Uzbekistan, officially the Republic of Uzbekistan, is a country in Central Asia. It is surrounded by five landlocked countries: Kazakhstan to the north; Kyrgyzstan to the northeast; Tajikistan to the southeast; Afghanistan to the south and Turkmenistan to the south-west. Along with Liechtenstein, it is one of two doubly landlocked countries.
As a sovereign state, Uzbekistan is a secular, unitary constitutional republic. It comprises 12 provinces and one autonomous republic, Karakalpakstan. The capital and largest city of Uzbekistan is Tashkent.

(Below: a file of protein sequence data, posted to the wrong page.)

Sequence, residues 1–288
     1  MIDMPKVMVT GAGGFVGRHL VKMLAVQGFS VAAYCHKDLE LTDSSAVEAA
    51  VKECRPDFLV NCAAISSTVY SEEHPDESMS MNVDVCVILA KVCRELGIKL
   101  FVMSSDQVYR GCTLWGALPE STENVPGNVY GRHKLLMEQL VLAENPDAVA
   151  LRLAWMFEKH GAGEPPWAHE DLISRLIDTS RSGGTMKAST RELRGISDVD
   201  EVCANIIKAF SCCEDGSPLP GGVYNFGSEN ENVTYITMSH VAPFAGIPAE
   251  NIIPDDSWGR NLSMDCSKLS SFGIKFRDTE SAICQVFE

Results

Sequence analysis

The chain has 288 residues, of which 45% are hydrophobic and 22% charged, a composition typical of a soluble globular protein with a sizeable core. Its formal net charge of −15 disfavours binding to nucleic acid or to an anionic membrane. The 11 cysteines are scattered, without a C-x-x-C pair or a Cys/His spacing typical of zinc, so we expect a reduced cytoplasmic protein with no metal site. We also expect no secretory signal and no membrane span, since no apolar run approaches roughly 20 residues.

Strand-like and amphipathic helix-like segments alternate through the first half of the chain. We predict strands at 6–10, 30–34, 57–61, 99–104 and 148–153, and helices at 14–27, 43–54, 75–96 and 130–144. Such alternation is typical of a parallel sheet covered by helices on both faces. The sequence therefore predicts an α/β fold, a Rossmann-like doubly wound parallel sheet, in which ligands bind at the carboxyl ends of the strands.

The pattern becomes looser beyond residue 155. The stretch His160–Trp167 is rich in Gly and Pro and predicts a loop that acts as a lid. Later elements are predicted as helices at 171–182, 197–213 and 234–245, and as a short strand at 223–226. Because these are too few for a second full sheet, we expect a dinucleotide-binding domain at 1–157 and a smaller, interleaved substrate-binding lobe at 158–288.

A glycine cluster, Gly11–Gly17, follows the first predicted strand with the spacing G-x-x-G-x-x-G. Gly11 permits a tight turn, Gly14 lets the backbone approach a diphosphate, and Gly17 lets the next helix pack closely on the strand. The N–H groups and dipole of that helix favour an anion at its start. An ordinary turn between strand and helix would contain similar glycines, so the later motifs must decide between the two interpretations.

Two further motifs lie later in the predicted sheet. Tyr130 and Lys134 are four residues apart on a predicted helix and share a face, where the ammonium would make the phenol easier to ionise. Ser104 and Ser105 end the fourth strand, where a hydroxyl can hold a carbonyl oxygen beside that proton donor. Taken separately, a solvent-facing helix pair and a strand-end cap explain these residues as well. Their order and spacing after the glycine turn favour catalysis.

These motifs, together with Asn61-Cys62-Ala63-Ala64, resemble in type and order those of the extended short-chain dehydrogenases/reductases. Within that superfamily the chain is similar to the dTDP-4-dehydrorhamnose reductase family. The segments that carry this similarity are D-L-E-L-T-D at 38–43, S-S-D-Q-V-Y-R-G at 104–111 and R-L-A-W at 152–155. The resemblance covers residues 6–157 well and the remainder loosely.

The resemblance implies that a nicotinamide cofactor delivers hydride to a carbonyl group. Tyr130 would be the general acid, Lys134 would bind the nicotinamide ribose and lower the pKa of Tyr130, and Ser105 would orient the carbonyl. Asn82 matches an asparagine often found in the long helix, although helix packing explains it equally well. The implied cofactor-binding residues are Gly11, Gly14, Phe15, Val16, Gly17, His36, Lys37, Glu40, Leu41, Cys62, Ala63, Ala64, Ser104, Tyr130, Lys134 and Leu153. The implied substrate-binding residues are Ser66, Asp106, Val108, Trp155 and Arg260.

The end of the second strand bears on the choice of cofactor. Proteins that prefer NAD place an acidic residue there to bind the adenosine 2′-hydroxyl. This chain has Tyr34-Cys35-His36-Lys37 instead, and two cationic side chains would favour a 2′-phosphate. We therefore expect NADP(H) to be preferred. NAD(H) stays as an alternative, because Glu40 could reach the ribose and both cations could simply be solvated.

What is now Uzbekistan was in ancient times part of the Iranian-speaking region of Transoxiana and Turan. The first recorded settlers were Eastern Iranian nomads, known as Scythians, who founded kingdoms in Khwarazm, Bactria, Sogdia, Fergana, and Margiana. The area was incorporated into the Iranian Achaemenid Empire and, after a period of Macedonian Greek rule, was ruled by the Iranian Parthian Empire and later by the Sasanian Empire, until the Muslim conquest of Persia in the seventh century. The Early Muslim conquests converted most of the people, including the local ruling classes, into adherents of Islam.